I said before that the irony isn’t lost on me that I’m writing this from quarantine. For six years we were frozen in fear from vaccines, and now we are frozen because of the disease … I am not looking forward to any gloating or shame as this “defection” from the antivaxx camp goes public, but, this isn’t a popularity contest. Right now my family is living the consequences of misinformation and fear. I understand that families in our community may be mad at us for putting their kids at risk. I want them to know that we tried our best to protect our kids when we were afraid of vaccination and we are doing our best now, for everyone’s sake, by getting them up to date.

Of course no one should “gloat” after seven children became very ill, as Hills wrote. And no one should make these parents feel bad for their previous decisions or their current one. Still, it is comforting to know that even those parents who were once defensive anti-vaxxers can come to see the facts and the importance of vaccines, and that, as Hills put it, “We can’t take it back … but we can learn from this and help others the same way we have been helped.” Hopefully other parents will follow suit and change their minds, without their children or loved ones falling ill.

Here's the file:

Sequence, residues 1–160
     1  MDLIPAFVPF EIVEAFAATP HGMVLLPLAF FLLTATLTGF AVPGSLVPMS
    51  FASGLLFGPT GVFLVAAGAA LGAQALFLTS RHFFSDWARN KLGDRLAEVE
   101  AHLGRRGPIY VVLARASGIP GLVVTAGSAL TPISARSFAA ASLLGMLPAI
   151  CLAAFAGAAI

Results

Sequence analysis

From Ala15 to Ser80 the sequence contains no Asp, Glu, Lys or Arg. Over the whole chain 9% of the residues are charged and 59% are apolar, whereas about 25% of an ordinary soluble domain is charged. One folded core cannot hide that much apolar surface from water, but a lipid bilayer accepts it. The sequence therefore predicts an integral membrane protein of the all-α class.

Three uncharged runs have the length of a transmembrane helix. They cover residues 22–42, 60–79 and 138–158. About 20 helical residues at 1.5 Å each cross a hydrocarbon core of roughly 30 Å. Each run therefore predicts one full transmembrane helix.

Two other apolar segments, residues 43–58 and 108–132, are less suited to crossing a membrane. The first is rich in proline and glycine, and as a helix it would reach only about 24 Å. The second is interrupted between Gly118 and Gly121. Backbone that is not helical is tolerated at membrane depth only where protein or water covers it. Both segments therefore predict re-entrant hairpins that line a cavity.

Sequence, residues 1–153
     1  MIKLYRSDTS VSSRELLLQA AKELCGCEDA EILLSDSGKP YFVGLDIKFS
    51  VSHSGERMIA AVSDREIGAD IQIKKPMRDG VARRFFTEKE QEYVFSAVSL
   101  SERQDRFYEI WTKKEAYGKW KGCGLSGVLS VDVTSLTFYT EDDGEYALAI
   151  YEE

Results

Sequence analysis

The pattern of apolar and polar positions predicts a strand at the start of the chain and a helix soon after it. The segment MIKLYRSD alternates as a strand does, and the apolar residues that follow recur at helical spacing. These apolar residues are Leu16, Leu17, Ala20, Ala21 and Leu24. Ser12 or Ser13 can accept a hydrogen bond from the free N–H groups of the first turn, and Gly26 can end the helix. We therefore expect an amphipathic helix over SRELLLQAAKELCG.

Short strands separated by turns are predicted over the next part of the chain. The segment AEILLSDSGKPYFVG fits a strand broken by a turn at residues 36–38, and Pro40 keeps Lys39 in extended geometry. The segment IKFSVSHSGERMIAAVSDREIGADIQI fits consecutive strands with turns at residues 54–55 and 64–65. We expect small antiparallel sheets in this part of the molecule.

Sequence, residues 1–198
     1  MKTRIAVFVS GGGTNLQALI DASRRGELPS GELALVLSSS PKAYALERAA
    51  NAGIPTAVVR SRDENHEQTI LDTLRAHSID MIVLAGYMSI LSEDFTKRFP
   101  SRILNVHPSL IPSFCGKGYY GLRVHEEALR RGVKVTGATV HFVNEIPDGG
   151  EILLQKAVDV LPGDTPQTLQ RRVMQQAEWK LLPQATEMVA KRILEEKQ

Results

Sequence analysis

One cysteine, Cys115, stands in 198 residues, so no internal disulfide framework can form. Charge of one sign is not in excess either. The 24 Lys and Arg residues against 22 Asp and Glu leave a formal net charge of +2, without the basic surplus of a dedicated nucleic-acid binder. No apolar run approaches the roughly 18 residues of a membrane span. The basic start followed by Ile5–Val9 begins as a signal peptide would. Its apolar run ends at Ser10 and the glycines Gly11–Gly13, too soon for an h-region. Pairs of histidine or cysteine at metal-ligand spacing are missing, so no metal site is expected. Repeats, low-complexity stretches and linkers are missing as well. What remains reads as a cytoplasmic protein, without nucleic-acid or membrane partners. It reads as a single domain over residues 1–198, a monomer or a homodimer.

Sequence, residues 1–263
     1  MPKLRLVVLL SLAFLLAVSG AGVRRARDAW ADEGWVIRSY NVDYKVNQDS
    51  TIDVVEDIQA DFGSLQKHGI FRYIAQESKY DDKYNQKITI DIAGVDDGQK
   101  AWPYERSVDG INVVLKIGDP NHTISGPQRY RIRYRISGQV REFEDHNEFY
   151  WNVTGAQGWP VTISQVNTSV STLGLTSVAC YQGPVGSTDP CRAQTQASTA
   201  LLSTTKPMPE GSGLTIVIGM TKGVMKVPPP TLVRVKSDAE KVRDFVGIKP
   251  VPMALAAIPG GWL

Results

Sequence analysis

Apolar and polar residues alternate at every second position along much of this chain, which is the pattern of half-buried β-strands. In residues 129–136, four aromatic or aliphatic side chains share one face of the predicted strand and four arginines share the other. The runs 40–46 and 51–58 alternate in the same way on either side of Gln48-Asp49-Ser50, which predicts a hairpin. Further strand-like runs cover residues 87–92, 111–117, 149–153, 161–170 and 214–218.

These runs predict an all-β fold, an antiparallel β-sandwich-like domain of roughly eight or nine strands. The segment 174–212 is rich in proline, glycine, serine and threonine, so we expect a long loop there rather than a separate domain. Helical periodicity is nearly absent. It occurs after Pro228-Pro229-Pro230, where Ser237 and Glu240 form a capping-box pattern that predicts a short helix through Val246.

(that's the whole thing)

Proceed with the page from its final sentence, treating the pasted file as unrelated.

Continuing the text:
Gov. Christie’s change of heart is also encouraging, even if it turns out his revelations were more about politics than science. It’s good to see that those potentially running for office have done the political math and decided to side with public health.

Again, we know from research that facts alone are often not enough to change minds on this issue. Unfortunately, it seems like what does the job is fear—whether it’s the fear of your own kids getting sick, the fear of making someone else’s kids sick, or the fear that your voters may think you’re not doing enough to protect their kids from preventable diseases. As an instructor, I have always been opposed to fear-based education for students. That said, in this particular case, a healthy dose of fear for parents and politicians might be just what we need. It is, after all, what the anti-vaccination crowd has used to propel their misinformation forward. We just have to hope no more kids get sick in the process.